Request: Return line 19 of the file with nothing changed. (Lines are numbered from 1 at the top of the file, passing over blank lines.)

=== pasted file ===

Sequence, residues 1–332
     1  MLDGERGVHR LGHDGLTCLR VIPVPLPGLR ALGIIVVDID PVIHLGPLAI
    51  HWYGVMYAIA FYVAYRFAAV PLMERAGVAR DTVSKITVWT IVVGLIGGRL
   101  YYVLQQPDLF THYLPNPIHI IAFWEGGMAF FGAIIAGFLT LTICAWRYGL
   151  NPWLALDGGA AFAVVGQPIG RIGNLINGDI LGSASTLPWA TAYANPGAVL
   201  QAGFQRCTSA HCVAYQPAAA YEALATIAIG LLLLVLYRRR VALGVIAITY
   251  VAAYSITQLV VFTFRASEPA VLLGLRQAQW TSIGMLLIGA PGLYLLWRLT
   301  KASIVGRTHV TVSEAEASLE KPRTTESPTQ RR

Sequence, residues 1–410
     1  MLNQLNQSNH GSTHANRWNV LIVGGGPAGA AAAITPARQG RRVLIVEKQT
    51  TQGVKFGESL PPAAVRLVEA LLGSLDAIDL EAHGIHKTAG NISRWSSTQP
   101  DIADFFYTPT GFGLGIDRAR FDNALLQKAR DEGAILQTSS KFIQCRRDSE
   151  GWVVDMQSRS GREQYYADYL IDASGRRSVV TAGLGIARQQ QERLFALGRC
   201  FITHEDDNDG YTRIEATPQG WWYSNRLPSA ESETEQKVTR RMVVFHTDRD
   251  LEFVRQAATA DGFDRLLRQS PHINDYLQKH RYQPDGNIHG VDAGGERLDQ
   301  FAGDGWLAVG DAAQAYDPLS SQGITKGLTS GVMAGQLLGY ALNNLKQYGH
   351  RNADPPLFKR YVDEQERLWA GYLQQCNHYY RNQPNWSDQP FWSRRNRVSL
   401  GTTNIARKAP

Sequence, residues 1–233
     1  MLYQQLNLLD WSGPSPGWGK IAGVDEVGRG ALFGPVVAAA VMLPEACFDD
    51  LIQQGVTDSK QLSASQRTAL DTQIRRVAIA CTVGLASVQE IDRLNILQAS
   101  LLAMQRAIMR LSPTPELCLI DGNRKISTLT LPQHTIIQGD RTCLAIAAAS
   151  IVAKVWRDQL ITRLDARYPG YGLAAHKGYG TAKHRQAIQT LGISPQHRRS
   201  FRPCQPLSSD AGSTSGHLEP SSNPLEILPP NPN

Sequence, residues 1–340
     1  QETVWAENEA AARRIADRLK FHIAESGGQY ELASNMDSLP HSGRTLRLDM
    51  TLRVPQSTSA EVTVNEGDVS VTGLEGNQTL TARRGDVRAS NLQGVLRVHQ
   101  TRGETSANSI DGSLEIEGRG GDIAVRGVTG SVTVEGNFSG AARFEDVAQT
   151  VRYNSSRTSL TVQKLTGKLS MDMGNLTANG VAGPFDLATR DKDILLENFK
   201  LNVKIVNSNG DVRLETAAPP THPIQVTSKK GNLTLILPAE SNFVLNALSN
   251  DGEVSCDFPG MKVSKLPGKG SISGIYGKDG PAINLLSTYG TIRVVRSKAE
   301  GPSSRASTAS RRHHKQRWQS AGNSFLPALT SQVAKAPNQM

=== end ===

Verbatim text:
Sequence, residues 1–233